Portsmouth worst in the country for patients per GP as demand for services 'skyrocket'

A SHORTAGE of doctors has seen Portsmouth have the highest rate of patients to GPs in the entire country, new figures have revealed.

By Richard Lemmer
Wednesday, 1st June 2022, 4:38 pm
Updated Wednesday, 1st June 2022, 6:04 pm

According to figures from healthcare charity The Nuffield Trust, the Portsmouth Clinical Commissioning Group (CCG) area has 2,483 patients for every GP.

It leaves Portsmouth at the bottom of the board when it comes to patients per GP.

Hull CCG performs slightly better with 2,481 patients for every GP, while Liverpool CCG performs best nationally with a GP for every 1,333 patients.

Portsmouth has fewer GPs per patient than any other part of the country.

It comes as demand for doctors’ appointments has risen sharply over the course of the pandemic, according to Linda Stead, who is the operations director for the GP-lead Portsmouth Primary Care Alliance, which coordinates GP surgeries’ out of hours and home visiting services.

She said: ‘What I have noticed is how difficult it is to staff our shifts and how few GPs there are.

‘The demand without any question is rocketing. Our activity levels have gone up 25 per cent in the last year.

‘We are without a shadow of a doubt a lot busier and have been for a very long time.’

Leader of the council, Cllr Gerald Vernon-Jackson. Picture: Chris Moorhouse (jpns 050522-56)

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The University Surgery, in The Nuffield Centre, St Michael's Road, is one of the busiest surgeries in the city, as it contends with 5,965 patients per GP – a total 17,498 patients and the full-time equivalent of 2.9 GPs.

A recruitment drive to bring more GPs to city is ‘absolutely’ needed, according to Linda.

She added: ‘We are looking at how we can become a very attractive employer and get people to come to the city.

‘My locum pool is very stable – once they work here, they want to stay and don’t want to go anywhere else.’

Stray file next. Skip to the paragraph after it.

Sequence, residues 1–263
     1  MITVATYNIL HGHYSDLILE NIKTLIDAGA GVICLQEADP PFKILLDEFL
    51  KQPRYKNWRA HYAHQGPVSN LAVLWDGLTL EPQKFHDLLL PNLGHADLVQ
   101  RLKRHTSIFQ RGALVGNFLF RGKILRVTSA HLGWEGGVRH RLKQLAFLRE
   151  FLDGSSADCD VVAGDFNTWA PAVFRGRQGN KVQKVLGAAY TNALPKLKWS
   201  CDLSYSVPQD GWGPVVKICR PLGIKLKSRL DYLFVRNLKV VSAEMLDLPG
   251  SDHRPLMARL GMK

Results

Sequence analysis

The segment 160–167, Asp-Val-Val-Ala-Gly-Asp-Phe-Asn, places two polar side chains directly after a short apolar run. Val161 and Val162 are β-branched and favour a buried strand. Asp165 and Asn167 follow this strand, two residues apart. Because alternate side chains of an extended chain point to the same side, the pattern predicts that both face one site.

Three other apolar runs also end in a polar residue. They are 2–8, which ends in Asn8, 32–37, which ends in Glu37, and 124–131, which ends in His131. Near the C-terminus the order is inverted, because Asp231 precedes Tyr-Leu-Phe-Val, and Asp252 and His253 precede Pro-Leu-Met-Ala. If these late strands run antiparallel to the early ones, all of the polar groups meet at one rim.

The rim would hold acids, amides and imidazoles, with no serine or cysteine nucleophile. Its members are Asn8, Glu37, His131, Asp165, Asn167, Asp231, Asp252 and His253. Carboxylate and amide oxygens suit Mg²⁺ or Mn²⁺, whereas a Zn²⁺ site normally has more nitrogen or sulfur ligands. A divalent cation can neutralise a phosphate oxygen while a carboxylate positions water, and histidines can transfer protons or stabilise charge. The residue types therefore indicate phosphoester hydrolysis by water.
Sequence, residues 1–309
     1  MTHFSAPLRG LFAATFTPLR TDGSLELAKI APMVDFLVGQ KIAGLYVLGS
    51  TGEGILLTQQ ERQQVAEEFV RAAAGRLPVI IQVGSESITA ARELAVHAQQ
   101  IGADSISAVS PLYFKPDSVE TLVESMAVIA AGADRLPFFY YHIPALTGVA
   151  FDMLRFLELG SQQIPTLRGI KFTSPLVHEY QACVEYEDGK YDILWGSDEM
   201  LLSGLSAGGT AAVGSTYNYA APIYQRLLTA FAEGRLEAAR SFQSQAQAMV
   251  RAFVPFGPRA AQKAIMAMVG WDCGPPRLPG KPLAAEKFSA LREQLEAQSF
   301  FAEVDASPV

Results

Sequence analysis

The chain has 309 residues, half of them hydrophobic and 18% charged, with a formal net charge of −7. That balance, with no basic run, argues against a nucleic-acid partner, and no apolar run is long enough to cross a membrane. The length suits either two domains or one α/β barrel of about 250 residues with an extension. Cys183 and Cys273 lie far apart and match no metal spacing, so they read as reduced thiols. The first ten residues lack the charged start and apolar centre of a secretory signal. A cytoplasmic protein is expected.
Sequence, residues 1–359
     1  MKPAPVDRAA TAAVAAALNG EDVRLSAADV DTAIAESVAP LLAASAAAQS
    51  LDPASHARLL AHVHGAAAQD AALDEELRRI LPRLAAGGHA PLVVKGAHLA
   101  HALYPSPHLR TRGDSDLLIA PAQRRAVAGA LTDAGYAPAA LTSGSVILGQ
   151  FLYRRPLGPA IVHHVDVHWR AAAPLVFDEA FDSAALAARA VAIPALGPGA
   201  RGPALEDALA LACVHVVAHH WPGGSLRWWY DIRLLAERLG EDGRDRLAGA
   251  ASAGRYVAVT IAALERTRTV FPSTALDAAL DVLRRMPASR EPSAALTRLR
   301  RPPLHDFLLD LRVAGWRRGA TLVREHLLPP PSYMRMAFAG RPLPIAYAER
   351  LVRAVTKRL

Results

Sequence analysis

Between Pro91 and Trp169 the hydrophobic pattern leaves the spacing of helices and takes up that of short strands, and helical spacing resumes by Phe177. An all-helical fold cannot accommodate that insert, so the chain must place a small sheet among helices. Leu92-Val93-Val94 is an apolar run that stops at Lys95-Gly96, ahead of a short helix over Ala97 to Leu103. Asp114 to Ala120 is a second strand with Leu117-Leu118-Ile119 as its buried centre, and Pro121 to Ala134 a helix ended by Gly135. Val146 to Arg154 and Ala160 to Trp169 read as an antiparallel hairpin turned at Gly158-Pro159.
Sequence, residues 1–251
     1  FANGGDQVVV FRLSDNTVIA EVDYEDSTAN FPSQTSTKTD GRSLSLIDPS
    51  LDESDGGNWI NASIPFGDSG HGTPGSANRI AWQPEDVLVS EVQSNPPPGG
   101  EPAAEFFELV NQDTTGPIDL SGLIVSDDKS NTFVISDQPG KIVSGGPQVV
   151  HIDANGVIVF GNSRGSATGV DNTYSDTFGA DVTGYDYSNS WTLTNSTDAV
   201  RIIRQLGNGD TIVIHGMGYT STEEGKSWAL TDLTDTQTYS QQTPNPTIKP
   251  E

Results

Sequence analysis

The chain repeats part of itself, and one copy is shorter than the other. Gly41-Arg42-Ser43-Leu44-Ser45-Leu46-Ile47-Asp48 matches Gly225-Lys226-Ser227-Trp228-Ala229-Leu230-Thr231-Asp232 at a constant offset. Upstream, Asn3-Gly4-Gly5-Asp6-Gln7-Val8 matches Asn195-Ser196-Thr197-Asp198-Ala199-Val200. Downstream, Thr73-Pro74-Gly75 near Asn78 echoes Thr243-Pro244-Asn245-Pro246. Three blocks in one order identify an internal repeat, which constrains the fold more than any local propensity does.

Portsmouth City Council may look at hiring GPs directly to help meet the need, according to council leader Gerald Vernon-Jackson.

The Liberal Democrat politician said: ‘I have had a lot of people complain to me about not being able to get GP appointments.

‘We take this incredibly seriously but it's a government issue and we need to know why there's a postcode lottery for healthcare in this country. We are getting a rough deal in Portsmouth.

‘Pharmacists in Scotland and Wales can issue prescriptions - could we be a pilot area for England?

‘Could we also look at the council directly employing GPs? This would mean they wouldn't have to buy-in to any practice partnership which may be more attractive to many.’

Cllr Matthew Winnington added: ‘We call on the government to support us with a national workforce plan, additional funding and greater support for trainees.’

The Portsmouth CCG is currently looking at a attracting a range of healthcare workers– including pharmacists, physiotherapists, nurses, occupational therapists, and dieticians –to work in the city’s surgeries, according to Dr Linda Collie, Clinical Lead for the organisation.

Dr Collie said: ‘We're introducing a number of other healthcare professionals at GP practices to offer specialist support to patients, and working closely with the Portsmouth Primary Care Alliance to make the best use of our healthcare workforce across the city and attract more GPs to train and work in Portsmouth.’

Last month, Lake Road Practice and Sunnyside Medical Centre announced they will unite later this year in a new deal to pool clinical expertise and resources across both sites.